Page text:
One of the leading legal philosophers of this century, Kelsen published this short treatise in 1934, when the neo-Kantian influence on his work was at its zenith. An earlier, "constructivist" phase had been displaced by his effort to provide something approximating a neo-Kantian foundation for his theory. If this second phase represents the Pure Theory of Law in its most characteristic form, then the present treatise may well be its central text. And of Kelsen's many statements of the Pure Theory, (...) this one is surely the most accessible. Topics covered include the legal norm and Kelsen's normativity thesis, law and morality, the role of ideology, the concept of the legal person, legal interpretation, the identity of law and state, and the theory of international law. Among the appendices is an annotated bibliography of secondary literature on Kelsen. (shrink)
Hans Kelsen is considered by many to be the foremost legal thinker of the twentieth century. During the last decade of his life he was working on what he called a general theory of norms. Published posthumously in 1979 as Allgemeine Theorie der Normen, the book is here translated for the first time into English. Kelsen develops his "pure theory of law" into a "general theory of norms", and analyzes the applicability of logic to norms to offer an original and (...) extreme position which some have called "normative irrationalism". Examining the views of over 200 philosophers and legal theorists on law, morality, and logic, and revising several of his own earlier positions, Kelsen's final work is a mandatory resource for legal and moral philosophers. (shrink)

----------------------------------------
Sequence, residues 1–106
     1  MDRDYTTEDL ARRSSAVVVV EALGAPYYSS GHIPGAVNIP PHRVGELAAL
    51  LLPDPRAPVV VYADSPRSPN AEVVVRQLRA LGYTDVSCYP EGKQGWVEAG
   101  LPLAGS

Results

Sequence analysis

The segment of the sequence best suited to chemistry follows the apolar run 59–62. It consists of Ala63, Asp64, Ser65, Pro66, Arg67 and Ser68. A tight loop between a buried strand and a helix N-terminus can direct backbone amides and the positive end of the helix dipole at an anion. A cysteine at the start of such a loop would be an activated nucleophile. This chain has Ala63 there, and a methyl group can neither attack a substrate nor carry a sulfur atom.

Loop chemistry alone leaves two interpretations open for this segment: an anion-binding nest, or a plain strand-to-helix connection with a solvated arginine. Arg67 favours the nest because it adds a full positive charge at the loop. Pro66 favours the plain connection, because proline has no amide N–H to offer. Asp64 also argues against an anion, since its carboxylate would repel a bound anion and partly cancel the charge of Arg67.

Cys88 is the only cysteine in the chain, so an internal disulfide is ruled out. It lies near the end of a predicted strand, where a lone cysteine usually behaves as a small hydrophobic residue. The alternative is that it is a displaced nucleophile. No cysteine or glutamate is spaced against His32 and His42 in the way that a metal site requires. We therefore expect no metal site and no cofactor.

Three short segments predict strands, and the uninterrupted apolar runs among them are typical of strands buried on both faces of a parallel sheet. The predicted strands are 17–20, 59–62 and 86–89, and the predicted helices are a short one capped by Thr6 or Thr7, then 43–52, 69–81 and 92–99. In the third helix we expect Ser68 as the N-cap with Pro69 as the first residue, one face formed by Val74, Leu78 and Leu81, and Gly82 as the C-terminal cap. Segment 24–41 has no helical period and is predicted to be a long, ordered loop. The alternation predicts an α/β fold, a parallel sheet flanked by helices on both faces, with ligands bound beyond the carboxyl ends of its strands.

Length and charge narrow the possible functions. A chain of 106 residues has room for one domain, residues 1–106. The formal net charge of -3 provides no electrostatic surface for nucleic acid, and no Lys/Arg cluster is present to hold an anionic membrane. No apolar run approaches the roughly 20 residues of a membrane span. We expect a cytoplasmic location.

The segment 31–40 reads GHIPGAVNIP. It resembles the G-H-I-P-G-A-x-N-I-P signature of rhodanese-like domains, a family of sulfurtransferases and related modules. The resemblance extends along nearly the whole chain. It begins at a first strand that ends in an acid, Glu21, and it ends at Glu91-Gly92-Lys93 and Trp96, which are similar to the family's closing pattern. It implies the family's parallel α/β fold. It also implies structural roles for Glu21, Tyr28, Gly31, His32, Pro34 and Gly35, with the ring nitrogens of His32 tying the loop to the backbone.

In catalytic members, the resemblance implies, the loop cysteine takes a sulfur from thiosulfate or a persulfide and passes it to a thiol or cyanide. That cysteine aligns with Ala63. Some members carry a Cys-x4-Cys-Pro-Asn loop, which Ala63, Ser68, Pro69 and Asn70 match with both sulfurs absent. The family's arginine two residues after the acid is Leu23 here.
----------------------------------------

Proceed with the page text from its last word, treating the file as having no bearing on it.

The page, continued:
In Section I, Kelsen introduces the legal order as an aggregate of norms and considers the question of the basis of the validity of a norm. He then turns, in Section II, to a series of questions that arise in connection with “unconstitutional” statutes. Finally, in Section III, Kelsen defends at length a monistic interpretation of the relation between the international and domestic legal orders. (Translator's summary.).
What is justice? -- The idea of justice in the Holy Scriptures -- Platonic justice -- Aristotle's doctrine of justice -- The natural-law doctrine before the tribunal of science -- A "dynamic" theory of natural law -- Absolutism and relativism in philosophy and politics -- Value judgments in the science of law -- The law as a specific social technique -- Why should the law be obeyed? -- The pure theory of the law and analytical jurisprudence -- Law, state, and (...) justice in the pure theory of law -- Causality and retribution -- Causality and imputation -- Science and politics. (shrink)
Hans Kelsen is considered to be one of the foremost legal theorists and philosophers of the twentieth century. His writing made an important contribution to many areas, especially those of legal theory and international law. Over a number of decades, he developed an important legal theory which found its first complete exposition in Reine Rechtslehre, or Pure Theory of Law, the first edition of which was published in Vienna in 1934. This is the first English translation of that work. It (...) covers such topics as law and morality, the legal system and its hierarchical structure, the identity of law and state, and international law. (shrink)